Interviewing in a Talent short Market : some thoughts

Interesting times, interesting Leaders, and most of all exciting challenges. However, what I love during these most turbulent times are the constants. The constant remains the identification and retention of talent. Another constant is that as recruiters and hiring managers is that we continue to hire for people in the same way we will go shopping for food. Both with a checklist. In recruitment, our checklist is a bucket list of MUST haves, together with a corresponding list of how long these must haves, must be had. Crazy, right?

So how about we start with small steps and consider some of the following…

  1. The best people aren’t willing to take lateral transfers. They want jobs that stretch them in the short term and offer significant upside potential in the long term. More important, if this condition exists, compensation is less important. This is a constant truth. Start with the reason for the role, the challenges, the vision.
  2. Skills and experience-based job descriptions are terrible for screening purposes and worse for attracting top performers. As a result ask your hiring managers to define jobs as a series of performance objectives and when asked, if they would consider people who will give them these outcomes even if they have different mixes of skills and experiences: most said yes. When the best managers compared the candidates who could do the work to those who had the skills it was clear the best people had something different to offer: more ability, more insight, more confidence and more potential.
  3. Performance of even the best people is very situational. Studies have tracked these people it was clear that those who were hired based on their performance and potential were promoted more frequently and stayed longer than those who were hired based on their skills and experiences. However, the circumstances of the job represented the tipping point between great success and underperformance. Most important was how the hiring manager and new hire worked together. Second were the team issues and third had to do with cultural fit. A mismatch on any of these, regardless of how competent the person was, adversely impacted performance.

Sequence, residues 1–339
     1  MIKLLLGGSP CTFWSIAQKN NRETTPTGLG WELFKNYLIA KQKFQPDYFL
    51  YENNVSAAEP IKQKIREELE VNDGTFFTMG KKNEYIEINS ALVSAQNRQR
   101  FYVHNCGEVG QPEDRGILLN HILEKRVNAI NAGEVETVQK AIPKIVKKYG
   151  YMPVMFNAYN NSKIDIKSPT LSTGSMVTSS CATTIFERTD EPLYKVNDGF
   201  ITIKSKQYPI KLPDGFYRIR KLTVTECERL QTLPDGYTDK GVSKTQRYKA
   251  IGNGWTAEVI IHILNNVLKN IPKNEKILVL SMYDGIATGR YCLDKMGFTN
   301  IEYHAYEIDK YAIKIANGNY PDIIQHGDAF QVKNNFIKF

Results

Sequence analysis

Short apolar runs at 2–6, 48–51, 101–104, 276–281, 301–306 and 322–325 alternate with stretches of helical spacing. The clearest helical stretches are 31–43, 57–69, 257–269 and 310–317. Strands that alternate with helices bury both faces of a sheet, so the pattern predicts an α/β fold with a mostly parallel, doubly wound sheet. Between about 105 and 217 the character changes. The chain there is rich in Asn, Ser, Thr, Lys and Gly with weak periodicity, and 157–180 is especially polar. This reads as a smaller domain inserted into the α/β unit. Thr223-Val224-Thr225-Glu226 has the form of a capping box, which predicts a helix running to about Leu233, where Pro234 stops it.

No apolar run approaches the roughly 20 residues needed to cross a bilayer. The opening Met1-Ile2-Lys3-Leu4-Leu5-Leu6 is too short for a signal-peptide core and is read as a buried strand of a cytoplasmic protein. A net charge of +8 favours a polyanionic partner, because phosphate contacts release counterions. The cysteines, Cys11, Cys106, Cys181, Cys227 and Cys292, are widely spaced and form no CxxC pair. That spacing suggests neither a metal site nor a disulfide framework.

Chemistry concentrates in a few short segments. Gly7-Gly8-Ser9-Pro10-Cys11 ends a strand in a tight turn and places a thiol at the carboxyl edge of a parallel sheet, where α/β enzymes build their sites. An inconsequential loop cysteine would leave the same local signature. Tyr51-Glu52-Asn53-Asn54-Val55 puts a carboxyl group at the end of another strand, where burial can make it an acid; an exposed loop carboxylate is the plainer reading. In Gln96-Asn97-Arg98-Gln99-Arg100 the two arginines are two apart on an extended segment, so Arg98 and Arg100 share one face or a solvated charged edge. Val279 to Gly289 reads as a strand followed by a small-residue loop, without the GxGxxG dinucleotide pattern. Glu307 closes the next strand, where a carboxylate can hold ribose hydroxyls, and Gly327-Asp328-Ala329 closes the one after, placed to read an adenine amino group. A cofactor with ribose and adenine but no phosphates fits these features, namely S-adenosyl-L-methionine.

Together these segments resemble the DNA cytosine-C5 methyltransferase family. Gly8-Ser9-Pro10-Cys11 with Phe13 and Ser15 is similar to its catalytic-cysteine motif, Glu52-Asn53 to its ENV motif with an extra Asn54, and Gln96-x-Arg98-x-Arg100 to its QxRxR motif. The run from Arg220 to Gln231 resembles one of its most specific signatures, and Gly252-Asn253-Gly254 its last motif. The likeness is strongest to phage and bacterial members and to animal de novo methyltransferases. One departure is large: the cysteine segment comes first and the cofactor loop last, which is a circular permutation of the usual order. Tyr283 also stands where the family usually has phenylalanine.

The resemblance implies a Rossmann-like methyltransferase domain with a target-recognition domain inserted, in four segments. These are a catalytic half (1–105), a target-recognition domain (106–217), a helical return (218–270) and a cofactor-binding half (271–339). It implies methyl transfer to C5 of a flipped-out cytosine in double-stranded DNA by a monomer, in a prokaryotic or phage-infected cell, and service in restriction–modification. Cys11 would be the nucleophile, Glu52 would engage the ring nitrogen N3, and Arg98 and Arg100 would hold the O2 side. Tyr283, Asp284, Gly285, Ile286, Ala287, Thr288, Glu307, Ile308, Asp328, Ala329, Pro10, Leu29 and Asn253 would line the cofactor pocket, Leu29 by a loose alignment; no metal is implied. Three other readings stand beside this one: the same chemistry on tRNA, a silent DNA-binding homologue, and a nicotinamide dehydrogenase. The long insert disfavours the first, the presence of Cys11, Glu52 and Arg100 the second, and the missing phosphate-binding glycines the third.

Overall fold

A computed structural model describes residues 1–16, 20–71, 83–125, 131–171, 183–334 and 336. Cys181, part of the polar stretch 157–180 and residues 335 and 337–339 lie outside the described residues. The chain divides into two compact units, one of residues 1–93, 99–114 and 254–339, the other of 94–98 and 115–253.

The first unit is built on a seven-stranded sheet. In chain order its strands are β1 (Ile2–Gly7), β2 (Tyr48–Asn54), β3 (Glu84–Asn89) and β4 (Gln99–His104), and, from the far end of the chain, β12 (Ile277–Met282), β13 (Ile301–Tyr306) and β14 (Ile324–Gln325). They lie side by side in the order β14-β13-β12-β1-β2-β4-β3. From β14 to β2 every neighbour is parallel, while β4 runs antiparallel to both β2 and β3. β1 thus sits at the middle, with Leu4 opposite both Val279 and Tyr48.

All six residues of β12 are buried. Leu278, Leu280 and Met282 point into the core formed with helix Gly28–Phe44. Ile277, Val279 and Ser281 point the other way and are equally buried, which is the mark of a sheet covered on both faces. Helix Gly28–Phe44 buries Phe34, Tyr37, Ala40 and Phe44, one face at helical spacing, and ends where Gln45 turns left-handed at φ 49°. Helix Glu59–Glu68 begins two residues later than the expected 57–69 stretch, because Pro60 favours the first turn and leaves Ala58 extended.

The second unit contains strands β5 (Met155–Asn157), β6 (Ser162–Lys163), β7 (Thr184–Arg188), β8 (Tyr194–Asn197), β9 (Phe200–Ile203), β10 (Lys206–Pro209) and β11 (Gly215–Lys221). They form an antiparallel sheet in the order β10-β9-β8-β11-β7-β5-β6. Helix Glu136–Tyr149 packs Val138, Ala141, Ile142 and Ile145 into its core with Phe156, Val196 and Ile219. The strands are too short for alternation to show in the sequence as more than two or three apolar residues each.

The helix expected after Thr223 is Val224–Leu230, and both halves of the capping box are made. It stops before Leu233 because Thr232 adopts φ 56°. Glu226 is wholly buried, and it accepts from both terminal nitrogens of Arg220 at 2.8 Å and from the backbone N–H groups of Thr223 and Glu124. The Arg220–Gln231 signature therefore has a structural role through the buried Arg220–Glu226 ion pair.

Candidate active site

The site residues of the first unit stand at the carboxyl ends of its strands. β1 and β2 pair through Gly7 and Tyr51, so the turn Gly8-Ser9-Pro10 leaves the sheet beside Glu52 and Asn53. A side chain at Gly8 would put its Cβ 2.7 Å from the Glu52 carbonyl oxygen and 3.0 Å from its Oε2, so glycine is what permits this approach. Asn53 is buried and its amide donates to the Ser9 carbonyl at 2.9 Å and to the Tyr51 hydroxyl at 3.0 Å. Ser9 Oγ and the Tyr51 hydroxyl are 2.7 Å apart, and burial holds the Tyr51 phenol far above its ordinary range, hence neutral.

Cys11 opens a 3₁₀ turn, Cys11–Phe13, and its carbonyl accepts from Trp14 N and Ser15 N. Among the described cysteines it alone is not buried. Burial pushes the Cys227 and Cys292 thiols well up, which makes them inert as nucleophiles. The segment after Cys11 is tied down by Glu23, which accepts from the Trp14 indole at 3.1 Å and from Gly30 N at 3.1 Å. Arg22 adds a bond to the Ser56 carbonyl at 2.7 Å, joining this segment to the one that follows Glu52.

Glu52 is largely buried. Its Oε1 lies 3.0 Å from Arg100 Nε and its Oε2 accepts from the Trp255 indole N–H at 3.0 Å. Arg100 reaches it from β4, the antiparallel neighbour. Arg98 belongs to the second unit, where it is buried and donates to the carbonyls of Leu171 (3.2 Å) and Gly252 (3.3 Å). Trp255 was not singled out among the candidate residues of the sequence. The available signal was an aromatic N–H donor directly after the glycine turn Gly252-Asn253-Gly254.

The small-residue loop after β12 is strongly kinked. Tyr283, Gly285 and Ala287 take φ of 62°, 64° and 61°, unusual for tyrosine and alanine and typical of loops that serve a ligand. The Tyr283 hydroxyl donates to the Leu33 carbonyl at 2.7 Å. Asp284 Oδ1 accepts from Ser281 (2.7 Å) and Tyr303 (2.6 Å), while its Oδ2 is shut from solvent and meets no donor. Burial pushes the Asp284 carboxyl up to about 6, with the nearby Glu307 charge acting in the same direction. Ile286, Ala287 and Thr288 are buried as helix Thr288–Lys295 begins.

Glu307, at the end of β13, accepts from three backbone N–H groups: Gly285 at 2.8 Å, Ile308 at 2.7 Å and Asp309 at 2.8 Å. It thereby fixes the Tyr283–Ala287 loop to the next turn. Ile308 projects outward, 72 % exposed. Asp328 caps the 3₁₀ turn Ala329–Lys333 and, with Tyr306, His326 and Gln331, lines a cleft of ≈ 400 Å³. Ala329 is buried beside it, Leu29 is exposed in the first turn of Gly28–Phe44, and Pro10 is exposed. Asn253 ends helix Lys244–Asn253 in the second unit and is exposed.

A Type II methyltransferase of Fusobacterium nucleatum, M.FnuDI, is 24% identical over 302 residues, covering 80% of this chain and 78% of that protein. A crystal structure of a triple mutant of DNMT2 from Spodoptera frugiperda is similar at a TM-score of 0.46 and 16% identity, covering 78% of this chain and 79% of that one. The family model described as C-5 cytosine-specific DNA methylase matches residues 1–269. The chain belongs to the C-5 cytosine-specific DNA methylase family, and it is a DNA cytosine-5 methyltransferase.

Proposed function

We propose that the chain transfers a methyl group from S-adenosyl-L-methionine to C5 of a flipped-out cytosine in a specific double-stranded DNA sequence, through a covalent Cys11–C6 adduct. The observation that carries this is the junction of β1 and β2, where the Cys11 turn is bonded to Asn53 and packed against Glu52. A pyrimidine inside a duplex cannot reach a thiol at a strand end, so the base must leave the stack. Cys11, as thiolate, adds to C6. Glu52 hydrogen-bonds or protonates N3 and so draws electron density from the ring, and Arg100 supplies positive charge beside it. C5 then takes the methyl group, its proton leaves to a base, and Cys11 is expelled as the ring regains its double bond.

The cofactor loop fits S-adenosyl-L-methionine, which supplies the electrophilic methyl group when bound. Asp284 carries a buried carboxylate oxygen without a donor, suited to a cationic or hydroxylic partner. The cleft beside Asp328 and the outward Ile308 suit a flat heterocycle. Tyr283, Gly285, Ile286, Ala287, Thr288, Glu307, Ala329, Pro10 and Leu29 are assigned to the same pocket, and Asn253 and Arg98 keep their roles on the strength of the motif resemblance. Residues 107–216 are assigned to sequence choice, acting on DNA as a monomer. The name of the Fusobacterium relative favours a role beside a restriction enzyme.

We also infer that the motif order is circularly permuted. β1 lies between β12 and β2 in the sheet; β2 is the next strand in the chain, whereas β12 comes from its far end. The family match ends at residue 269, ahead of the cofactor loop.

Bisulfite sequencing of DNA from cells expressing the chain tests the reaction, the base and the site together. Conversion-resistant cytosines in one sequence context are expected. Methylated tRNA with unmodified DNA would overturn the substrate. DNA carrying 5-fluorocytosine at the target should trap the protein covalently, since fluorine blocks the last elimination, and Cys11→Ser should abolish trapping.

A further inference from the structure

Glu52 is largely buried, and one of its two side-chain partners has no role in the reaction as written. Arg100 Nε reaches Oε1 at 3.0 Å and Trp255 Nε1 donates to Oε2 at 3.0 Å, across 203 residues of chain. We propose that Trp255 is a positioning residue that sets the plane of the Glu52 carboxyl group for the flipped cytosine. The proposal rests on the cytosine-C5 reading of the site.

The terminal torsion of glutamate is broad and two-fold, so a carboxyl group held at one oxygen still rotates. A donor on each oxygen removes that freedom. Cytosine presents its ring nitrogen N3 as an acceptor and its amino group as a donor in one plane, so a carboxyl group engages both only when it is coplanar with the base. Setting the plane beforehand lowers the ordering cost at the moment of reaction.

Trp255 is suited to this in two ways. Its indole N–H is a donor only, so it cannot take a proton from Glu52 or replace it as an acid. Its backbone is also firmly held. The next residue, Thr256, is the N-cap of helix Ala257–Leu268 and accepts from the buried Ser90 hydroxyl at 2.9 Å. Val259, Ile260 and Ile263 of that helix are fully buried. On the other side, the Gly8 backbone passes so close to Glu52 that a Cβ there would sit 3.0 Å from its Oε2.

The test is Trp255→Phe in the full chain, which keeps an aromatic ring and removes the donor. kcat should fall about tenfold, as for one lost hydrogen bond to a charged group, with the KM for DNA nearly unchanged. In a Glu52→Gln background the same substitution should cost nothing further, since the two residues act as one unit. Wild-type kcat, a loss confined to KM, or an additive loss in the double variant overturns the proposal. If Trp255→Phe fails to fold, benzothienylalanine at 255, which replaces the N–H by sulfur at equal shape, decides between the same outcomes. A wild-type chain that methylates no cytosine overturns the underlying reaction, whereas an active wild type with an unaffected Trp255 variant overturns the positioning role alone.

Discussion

4. Psychometric assessment tests don’t predict ability or fit. I’ve been tracking people for 30 years and the conclusion I developed in the first five years was that, at best, assessment tests confirm ability but don’t predict it. Worse, there were so many false negatives (good people being excluded) and false positives (weak people being considered) that the tests were so flawed they should never be used for screening.
  5. Behavioural interviewing and competency models do not improve quality of hire. In fact Schmidt and Hunter’s academic research over the past 30 years clearly demonstrates that behavioural interviewing, which is based on assessing competencies, is only 12% superior to flipping a coin. That’s why I concluded early on that you can’t build a scalable and repeatable business process based on statistics unless there are very strong correlations between the factors being assessed and on-the-job. After all, what is this “average” mean, and actually, no one is average and in order to maximize the potential of the individual, context matters. The situation matters. The resources matter. The culture matters. The manager matters. The team matters. And the focus of the job matters.

    Let’s stop screening people on things that don’t matter – their level of skills, their years of experience, their GPA, their behaviours and their competencies. To explore hiring alternatives please contact me directly on or #meritrecruitment

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